IASD CANDIDATE: John Barbor (two-year term)
Why vote for John Barbor?
John Barbor is a partner in the law firm Barbor, Sottile & Darr, of Indiana, and said he considered running for school board in the past but resisted because his wife, Gretchen, is a teacher at the senior high school. This year, Gretchen Barbor is retiring, and John Barbor has chosen to run for a two-year term on the board.
“I think I do bring a good mix of skill and experience. I’m a lifelong resident of Indiana and a graduate of the school district. Because my wife has worked 35 years as a teacher I have had more exposure to the life of the district than many people.”
On balancing the budget with revenue increases and spending cuts:
“I think the board has done a very good job the past couple of years in eliminating unnecessary or avoidable spending. But I also suspect that most if not all of the fat is gone, and from here on out, when we cut spending, we’re affecting muscle and bone.”
Barbor said the impending reassessment of property in Indiana County will be a factor.
While the reassessment will be revenue neutral for the district, some property owners will pay less and others will pay more.
“A reassessment is going to shock a lot of people. … (and) It is something that is going to have a major effect on how the district raises money.”
On where to spend or save money:
“Preserving and improving the quality of programs. The school district’s primary purpose has to be educating its students, by providing them with the best possible teachers and programs. If you have to sacrifice things, quality of programming should be the last thing to go.
“There are serious questions about physical maintenance of the district’s buildings. There is the lingering question, ‘can we afford to have four elementary schools?’
“I’d love to keep the schools open, but if it comes to a choice between keeping all four elementary schools open and seriously compromising the K through 12 quality programs for the district — if that is the choice, I will close the school. When one of our students applies to a college or university or applies for a job, those schools or employers are going to want to know what skills they acquired, what classes they took. No one is going to ask whether that student walked to elementary school.”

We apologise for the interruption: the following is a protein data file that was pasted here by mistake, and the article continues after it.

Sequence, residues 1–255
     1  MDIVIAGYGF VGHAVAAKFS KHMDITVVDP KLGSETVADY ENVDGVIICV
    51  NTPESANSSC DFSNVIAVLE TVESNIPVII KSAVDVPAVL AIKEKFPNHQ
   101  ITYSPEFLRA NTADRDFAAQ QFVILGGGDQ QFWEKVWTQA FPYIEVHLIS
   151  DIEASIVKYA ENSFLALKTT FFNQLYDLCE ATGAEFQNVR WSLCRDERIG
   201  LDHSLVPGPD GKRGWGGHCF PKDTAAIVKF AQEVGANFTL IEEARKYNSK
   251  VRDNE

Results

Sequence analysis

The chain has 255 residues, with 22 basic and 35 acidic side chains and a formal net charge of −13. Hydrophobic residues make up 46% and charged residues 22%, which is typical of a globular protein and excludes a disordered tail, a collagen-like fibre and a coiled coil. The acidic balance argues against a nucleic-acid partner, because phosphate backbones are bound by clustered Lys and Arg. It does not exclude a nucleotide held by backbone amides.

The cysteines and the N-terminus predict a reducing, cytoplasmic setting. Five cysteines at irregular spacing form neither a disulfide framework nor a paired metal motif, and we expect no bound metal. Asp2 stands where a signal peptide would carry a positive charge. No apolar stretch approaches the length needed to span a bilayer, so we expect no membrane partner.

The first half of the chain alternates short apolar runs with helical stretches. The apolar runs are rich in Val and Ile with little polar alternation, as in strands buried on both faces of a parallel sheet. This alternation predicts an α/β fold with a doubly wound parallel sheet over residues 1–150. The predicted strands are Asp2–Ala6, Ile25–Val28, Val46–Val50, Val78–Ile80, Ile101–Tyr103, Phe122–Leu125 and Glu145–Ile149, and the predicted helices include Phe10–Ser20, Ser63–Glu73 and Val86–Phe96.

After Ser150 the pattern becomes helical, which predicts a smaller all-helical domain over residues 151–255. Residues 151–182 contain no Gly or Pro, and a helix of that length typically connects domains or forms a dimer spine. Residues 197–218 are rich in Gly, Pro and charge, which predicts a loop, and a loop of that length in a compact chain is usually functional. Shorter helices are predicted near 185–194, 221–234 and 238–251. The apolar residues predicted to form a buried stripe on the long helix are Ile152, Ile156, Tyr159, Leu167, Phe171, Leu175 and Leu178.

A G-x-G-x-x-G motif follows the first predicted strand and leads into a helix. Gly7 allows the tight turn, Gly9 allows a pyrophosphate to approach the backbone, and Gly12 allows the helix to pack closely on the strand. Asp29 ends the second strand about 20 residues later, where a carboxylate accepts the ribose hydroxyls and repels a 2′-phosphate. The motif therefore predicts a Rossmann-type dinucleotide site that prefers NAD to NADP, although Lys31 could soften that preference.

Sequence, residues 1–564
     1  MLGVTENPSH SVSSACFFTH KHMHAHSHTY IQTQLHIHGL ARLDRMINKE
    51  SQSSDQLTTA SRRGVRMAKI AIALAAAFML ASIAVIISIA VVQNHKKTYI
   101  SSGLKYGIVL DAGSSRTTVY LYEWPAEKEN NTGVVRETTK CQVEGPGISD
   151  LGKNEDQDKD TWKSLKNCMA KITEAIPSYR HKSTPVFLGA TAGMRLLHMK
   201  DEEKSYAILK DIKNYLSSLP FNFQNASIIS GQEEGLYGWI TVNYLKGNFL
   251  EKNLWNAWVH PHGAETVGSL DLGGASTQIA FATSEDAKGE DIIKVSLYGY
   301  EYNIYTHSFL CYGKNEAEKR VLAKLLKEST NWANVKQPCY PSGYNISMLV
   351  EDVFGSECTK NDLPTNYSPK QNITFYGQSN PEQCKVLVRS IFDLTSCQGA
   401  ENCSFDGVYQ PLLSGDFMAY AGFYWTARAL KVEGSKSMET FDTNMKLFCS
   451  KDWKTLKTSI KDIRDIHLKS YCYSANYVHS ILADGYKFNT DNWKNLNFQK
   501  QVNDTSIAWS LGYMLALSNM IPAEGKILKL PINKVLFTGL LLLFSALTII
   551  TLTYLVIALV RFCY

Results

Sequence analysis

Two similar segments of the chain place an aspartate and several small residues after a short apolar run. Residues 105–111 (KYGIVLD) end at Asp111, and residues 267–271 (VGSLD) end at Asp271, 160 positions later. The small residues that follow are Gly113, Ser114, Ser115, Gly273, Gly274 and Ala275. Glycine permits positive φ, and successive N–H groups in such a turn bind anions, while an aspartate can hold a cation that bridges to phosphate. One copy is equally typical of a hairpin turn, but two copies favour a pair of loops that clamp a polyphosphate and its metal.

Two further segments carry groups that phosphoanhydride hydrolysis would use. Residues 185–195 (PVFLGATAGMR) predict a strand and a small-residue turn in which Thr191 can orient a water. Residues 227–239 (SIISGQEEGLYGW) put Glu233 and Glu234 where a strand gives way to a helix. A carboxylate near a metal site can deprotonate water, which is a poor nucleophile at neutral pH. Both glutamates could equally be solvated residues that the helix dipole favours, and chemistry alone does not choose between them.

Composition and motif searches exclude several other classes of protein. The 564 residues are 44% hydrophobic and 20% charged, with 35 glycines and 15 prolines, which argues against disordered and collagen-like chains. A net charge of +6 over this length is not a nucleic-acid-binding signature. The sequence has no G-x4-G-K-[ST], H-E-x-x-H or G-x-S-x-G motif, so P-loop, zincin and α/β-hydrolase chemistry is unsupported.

On academic priorities:
“I strongly believe that in the 21st century, you need strong science, math and technical education. I also strongly believe that an education that does not include the traditional humanities does not create a fully educated person.
“Educational decisions are being driven by testing requirements imposed from above, from both the state and federal government. And those tests directly concern only a limited body of skills. So there is a great temptation to emphasize those skills at the expense of other things. I think it’s a temptation we need to avoid.”
On influencing the state of education:
“Speaking purely personally, and I don’t want to fly under a false flag here — I’m not ashamed to show my true colors.
“I have a personal interest in music, theater, art, and I think if I were elected, one of the things I would do is serve as an advocate for those programs on the board. ... But I also realize that at a time when there is not enough money to do everything you want to do, the burden has to be shared. I would hope to be an advocate without being a fanatic.”